The CDE has also been working with Special Education Local Plan Area leads within the state System of Support to develop targeted resources for distance learning. Those resources can be accessed on the following websites:

The USDOE OSEP has established a webpage for continuity of learning during COVID-19 that offers information, tools, and resources to help educators, parents and families, and related service providers meet the educational, behavioral, and emotional needs of children and youth with disabilities through remote and virtual learning. The OSEP continuity of learning during COVID-19 webpage can be accessed at https://osepideasthatwork.org/continuity-learning-during-covid-19 External link opens in new window or tab. .

Created specifically for parents, the IRIS Center offers a new, user-friendly module “Parents: Supporting Learning During the COVID-19 Pandemic” with practical tools and easy-to-implement strategies to help children learn at home during COVID-19. This multi-media learning module covers practical tips to get children ready to learn, strategies for reading and mathematics instruction, support for children's social and emotional well-being, and considerations for the parents of struggling learners and students with disabilities, among other topics. The IRIS Center is supported by the USDOE OSEP and located at Vanderbilt University’s Peabody College. The module can be access on the IRIS Center website at https://iris.peabody.vanderbilt.edu/module/c19/ External link opens in new window or tab. .

Earlier Guidance

09-Apr-2020

The United States is currently experiencing a pandemic emergency due to the threat of novel coronavirus (COVID-19). On March 13, 2020, Governor Newsom signed Executive Order N-26-20 requiring the California Department of Education (CDE) to issue guidance on several topics, including ensuring students with disabilities (SWD) receive a free appropriate public education (FAPE) consistent with their individualized education program (IEP) and meeting other procedural requirements under the Individuals with Disabilities Education Act (IDEA) and California law. Initial guidance on services to students with disabilities was provided on March 20, 2020.

The following guidance provides additional information based on questions received by the CDE in recent weeks. We will continue to update the guidance on this web page as necessary in response to any guidance from the U.S. Department of Education or waivers of any laws or regulations pertaining to special education services.

  1. Must all Individualized Education Programs (IEPs) be amended to reflect the change to distance learning?

    No, not all IEPs will need to be amended. In response to the Governor's Executive Order, schools are physically closed, and local educational agencies (LEAs) are to provide educational services through alternative options such as distance learning. Under this unique circumstance, in the CDE's view it is not necessary for an LEA to convene an IEP team meeting, or propose an IEP amendment without a team meeting, for every student, solely for the purpose of discussing the need to provide services away from school, because that change must necessarily occur due to the COVID-19 pandemic. Similarly, in the CDE's view, it is not necessary for an LEA to obtain the parent's written consent to provide previously agreed-upon services, away from school. The IEP that was in effect at the time of physical school closure remains in effect, and LEAs should, to the greatest extent possible, continue to provide the services called for in those IEPs in alternative ways.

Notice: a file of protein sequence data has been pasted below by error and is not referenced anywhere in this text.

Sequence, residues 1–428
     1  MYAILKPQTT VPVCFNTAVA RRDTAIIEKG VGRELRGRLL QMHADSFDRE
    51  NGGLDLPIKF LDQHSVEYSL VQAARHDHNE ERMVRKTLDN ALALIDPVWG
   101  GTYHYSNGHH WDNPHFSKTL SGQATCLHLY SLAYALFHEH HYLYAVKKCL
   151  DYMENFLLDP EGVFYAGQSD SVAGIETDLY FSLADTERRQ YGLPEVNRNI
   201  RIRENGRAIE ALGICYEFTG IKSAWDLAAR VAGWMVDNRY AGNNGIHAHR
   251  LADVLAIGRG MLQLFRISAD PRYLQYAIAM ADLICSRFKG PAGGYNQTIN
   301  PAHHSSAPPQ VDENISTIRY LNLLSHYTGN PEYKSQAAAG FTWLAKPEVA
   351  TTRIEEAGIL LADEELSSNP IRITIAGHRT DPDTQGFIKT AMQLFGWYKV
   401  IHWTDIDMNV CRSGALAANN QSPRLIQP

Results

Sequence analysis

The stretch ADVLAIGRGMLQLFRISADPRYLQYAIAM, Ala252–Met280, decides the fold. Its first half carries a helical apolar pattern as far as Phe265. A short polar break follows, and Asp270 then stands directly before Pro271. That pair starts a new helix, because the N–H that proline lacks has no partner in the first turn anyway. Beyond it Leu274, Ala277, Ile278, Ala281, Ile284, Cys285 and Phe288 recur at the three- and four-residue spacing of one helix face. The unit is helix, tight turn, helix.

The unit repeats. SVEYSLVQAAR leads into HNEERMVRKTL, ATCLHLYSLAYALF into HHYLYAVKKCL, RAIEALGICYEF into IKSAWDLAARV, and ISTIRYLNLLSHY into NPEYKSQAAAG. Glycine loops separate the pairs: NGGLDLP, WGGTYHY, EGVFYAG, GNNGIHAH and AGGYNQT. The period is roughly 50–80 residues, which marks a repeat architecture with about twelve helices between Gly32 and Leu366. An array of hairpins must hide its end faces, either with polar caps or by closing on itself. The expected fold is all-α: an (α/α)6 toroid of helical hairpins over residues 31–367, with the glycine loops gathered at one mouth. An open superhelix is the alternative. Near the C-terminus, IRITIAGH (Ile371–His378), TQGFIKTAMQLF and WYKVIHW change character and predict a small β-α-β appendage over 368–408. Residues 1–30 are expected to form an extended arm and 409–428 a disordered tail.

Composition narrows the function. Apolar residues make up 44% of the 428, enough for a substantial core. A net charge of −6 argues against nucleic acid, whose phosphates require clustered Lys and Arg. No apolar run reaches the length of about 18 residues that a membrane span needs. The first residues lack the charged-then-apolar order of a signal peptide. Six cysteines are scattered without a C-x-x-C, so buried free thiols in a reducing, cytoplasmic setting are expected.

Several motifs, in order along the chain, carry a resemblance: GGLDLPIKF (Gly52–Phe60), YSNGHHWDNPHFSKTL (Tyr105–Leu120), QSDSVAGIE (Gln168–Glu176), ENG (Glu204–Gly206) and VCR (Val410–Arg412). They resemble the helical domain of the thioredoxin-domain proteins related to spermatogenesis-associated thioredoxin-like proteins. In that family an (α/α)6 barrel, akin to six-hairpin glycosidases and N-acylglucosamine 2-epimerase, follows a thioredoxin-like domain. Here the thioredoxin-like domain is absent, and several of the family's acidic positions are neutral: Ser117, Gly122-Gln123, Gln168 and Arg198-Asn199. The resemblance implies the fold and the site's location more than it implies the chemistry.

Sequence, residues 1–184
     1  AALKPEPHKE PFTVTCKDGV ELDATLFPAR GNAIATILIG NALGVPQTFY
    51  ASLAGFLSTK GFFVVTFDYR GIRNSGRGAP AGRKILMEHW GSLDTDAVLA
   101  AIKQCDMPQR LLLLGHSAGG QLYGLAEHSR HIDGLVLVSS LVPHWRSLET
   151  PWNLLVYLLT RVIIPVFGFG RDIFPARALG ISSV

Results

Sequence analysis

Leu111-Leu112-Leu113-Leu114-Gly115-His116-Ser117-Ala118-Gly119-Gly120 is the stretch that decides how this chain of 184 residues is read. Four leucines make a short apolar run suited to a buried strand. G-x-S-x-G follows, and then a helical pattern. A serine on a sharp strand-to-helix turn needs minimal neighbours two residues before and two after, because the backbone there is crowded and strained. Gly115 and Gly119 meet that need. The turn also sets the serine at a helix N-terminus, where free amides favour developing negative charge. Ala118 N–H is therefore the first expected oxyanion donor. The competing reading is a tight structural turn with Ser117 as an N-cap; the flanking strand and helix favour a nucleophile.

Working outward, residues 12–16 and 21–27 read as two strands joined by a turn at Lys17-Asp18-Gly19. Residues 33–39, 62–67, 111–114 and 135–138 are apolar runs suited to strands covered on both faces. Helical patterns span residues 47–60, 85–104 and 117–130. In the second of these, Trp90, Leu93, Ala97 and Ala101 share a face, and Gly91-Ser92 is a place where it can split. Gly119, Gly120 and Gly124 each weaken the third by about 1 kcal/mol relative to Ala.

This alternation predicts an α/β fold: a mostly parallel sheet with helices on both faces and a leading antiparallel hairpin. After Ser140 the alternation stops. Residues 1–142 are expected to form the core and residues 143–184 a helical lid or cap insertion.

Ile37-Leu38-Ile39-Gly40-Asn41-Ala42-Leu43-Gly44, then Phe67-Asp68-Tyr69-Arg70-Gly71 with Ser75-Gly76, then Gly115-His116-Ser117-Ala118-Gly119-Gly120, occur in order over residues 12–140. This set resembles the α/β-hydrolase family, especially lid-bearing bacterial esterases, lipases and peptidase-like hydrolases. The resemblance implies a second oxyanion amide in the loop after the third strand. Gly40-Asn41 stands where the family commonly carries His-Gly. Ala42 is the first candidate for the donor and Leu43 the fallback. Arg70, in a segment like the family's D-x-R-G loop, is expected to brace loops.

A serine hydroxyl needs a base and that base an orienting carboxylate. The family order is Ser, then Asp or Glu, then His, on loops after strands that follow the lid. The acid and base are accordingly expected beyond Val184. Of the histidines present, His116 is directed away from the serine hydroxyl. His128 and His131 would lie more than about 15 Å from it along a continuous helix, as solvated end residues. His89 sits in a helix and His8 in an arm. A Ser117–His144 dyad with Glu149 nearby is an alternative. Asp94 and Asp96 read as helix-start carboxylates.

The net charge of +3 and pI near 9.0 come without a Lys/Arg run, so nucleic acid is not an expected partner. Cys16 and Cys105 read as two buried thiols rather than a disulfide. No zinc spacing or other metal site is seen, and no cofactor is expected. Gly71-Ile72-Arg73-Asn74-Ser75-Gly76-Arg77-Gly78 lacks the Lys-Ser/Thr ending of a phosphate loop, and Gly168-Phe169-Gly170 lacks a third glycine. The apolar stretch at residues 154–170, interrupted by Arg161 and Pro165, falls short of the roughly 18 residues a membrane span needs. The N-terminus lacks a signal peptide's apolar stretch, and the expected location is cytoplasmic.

According to the United States Department of Education (USDOE) Office of Special Education Program's (OSEP) March 21, 2020 guidance, "[T]hese exceptional circumstances may affect how all educational and related services and supports are provided . . . the provision of [free and appropriate public education (FAPE)] may include, as appropriate, special education and related services provided through distance instruction provided virtually, online, or telephonically . . . schools may not be able to provide all services in the same manner that they are typically provided . . . federal disability law allows for flexibility in determining how to meet the individual needs of students with disabilities. The determination of how FAPE is to be provided may need to be different in this time of unprecedented national emergency." To review OSEP’s March 21, 2020 guidance titled “Supplemental Fact Sheet Addressing the Risk of COVID-19 in Preschool, Elementary and Secondary Schools While Serving Children with Disabilities”, visit the USDOE website at https://bit.ly/2VdoJn6.

    However, there may be instances when amending the IEP to reflect the change to distance learning might be necessary and/or appropriate. LEAs may convene an IEP team meeting, or propose an IEP amendment without a team meeting, particularly where it is deemed necessary to address unique circumstances related to alternative service delivery. (See 20 USC 1414 (d)(4)(A); 20 USC 1414 (d)(3)(D); 34 C.F.R. § 300.324.) Parents too may request an IEP meeting or propose an IEP amendment, pursuant to Education Code § 56343, subdivision (c). Some LEAs and parents have agreed to amend the IEP by incorporating a distance learning plan outlining the special education and related services being provided to the student during the temporary, emergency situation created by the COVID-19 pandemic.